Analysis: Clearing hurdles in nine working days

Saturday, March 8th, 2014 6:32:37 by


Pressed by the Supreme Court over the chief election commissioner’s (CEC) appointment by the 19th of this month, both the prime minister and the opposition leader have agreed to propose the name of Justice (retired) Rana Bhagwandas for the post — at least that is what reports indicate.

Bhagwandas, a man of impeccable credibility, stood firm against General Pervez Musharraf’s onslaught against superior court judges.

But the government has hardly nine working days to go through the lengthy constitutional process for appointing a CEC. Under the Constitution’s Article 213 (2A), “the Prime Minister shall in consultation with the Leader of the Opposition in the National Assembly, forward three names for appointing the Commissioner to a Parliamentary Committee for hearing and confirmation of one name.”

Now this means that the prime minister and the leader of the opposition cannot send just one name. Who are the other two nominees of these two leaders is not known yet. At the same time, the 12-member parliamentary committee, which will deliberate and select one of the nominees, is yet to be formed. And that’s not all, both the government and opposition have to sort out a legal hitch: removing the condition that a person who has retired from a government position cannot be made the CEC.

Going by the difficulties faced by Justice (retired) Fakhruddin G. Ebrahim in organising the 2013 elections as the CEC, it is a valid question that can one man no matter how honest and brave a judge he/she has been deliver a free and fair elections single-handedly?

We have to understand that the CEC does not have absolute powers, as he has just one vote as the chairman of the commission which has four members representing the country’s provinces. The provincial members are also appointed under the constitution in the same manner as the chairman. They cannot be removed at the will of the CEC as the provincial commissioners’ three-year tenure is protected by the constitution. Under the constitutional amendment, however, the new members’ term would be five years.

It was this catch-22 situation which trapped Justice (R) Fakhruddin.. He was not in a position to build his team. His mistake was that he did not even shake up the election commission’s bureaucracy in spite of some forewarning well-wishers. The only exception was the removal of Sindh commissioner Sonu Khan. At least twice he was out-voted by the provincial members who were inherited by him at the time of joining. It was well known that the members did not agree with Fakhru Bhai when he objected to having a separate voters list for the Ahmadis while all other minorities were in the common list. His view was that it should be merged with the master voters’ list as the country has done away with the separate electorate system.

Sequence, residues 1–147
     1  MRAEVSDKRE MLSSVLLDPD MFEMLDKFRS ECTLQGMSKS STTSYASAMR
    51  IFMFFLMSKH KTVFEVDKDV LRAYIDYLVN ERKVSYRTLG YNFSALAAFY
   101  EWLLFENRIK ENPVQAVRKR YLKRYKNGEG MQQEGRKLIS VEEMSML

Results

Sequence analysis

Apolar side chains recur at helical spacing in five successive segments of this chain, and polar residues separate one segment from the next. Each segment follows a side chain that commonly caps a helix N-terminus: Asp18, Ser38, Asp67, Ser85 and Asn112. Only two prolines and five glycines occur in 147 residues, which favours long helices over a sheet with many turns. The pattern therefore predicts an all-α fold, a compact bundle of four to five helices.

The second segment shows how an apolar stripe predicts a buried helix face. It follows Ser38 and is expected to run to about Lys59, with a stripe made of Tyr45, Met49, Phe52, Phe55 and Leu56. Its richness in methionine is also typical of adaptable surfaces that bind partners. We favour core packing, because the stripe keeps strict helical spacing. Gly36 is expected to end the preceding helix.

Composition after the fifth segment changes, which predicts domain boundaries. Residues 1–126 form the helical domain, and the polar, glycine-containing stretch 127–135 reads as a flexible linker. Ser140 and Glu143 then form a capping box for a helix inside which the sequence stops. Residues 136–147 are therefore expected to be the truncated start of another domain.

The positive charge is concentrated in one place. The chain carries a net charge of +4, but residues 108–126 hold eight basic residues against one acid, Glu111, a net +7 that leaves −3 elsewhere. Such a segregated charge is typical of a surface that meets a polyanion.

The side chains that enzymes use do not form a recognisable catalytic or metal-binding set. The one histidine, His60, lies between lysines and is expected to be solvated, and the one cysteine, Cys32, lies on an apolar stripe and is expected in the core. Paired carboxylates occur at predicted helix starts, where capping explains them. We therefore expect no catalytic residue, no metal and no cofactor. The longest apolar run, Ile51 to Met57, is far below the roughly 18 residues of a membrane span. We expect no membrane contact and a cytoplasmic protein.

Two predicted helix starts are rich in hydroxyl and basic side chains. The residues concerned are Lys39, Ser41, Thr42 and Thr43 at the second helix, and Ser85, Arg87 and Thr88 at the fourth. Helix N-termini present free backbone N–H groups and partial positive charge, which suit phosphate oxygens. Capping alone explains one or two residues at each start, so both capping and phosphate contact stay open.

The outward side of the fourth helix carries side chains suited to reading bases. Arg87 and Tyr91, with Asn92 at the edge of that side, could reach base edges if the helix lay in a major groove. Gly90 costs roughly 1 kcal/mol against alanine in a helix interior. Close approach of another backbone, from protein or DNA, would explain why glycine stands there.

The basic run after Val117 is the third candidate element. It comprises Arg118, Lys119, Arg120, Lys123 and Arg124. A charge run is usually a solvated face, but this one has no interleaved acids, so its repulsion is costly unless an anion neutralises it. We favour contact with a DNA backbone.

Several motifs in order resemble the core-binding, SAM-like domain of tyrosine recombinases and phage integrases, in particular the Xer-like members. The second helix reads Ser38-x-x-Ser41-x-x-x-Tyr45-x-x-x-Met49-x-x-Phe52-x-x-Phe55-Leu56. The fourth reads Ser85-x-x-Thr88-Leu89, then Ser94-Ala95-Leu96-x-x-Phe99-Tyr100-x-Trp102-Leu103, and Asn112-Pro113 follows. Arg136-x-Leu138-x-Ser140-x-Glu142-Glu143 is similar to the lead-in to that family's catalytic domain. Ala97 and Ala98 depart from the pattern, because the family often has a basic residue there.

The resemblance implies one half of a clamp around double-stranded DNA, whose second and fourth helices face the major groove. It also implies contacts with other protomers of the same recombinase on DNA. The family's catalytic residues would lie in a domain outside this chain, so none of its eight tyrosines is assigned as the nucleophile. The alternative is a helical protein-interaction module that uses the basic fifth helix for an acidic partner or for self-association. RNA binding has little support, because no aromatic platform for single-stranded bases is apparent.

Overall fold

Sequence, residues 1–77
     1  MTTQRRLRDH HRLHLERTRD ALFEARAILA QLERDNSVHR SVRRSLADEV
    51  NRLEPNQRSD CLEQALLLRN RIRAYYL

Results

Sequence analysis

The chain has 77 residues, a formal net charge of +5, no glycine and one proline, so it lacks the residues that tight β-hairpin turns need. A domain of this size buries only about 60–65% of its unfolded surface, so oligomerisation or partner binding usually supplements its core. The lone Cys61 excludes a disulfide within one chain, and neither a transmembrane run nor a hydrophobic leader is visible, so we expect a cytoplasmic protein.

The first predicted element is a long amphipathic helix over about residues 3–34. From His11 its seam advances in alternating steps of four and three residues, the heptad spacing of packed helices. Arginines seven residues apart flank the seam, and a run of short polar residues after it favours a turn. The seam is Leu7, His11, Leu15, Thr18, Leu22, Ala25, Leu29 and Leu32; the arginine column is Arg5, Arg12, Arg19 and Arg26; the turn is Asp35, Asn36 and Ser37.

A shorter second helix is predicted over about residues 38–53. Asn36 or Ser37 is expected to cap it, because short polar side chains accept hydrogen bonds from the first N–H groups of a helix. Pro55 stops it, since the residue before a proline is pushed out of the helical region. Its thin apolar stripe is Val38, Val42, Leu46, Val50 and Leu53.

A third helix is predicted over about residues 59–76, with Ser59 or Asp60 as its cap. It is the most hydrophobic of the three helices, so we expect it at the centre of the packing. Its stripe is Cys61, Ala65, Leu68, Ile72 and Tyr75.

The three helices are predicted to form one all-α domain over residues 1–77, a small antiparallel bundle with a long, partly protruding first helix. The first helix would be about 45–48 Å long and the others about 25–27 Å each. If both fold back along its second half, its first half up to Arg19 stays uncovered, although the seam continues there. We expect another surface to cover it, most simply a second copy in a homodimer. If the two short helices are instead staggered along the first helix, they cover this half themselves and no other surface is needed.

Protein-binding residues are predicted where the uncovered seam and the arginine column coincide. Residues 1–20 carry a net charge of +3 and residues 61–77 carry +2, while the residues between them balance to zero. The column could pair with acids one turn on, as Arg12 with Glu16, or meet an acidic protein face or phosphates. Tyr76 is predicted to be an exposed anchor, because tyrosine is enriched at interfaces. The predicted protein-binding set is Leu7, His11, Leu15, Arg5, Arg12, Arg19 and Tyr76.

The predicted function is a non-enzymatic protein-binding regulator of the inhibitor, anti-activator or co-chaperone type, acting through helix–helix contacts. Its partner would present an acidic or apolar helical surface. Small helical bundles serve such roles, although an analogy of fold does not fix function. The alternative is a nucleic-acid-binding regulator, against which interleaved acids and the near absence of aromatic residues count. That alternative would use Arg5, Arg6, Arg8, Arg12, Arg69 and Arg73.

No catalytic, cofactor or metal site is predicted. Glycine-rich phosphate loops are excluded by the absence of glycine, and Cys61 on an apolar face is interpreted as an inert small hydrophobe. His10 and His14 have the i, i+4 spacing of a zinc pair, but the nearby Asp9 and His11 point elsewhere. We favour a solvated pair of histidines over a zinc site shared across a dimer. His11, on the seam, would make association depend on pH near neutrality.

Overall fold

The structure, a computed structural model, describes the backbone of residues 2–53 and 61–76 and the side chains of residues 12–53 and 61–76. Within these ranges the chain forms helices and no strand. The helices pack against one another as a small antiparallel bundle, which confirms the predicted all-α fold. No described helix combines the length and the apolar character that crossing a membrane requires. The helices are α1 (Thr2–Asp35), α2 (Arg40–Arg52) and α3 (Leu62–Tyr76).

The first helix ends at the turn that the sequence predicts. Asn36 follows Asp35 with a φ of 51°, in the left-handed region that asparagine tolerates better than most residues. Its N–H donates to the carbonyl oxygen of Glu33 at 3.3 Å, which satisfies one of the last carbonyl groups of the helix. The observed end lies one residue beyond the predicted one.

Under the given circumstances and challenges, he was able to deliver an election which was accepted by most observers as free and fair, to a large extent. There is always hue and cry from the people who lose the elections — even if by a small margin. However, even the most ardent critic Imran Khan could not prove massive rigging or partiality of the election commission.

In developing polities, you cannot have completely fair elections. In the last election the major rigging took place before the polls when, instead of intelligence agencies which cobbled IJI in the nineties, the TTP did not allow election campaigning to the left of centre political parties. The media wrath was not turned towards TTP for favouring the right-wing parties, but it was unkind to Fakhru Bhai, as he is fondly known.

In this backdrop, if a man of the stature of Justice (R) Bhagwandas, who is about 13 years younger than Fakhru Bhai, is appointed as CEC, he should be welcomed. The government and the opposition should also be given some credit for picking up a man of integrity. They know it well from his track record that he is not going to favour anybody when it would come to making a just decision.

The new CEC, whether it is Justice Bhagwandas or anybody else, will have one advantage that almost all the members representing the provinces will complete their respective tenures during his term. The new team would not be the nominee of the government alone like the outgoing provincial members as they would be nominated with the consensus of the opposition leader and be selected eventually by the 12-member parliamentary committee with equal representation of the government and the opposition. Justice Bhagwandas is a good choice and it shows maturity of the political parties.

Published in The Express Tribune, March 8th, 2014.

Karachi News Sources -2

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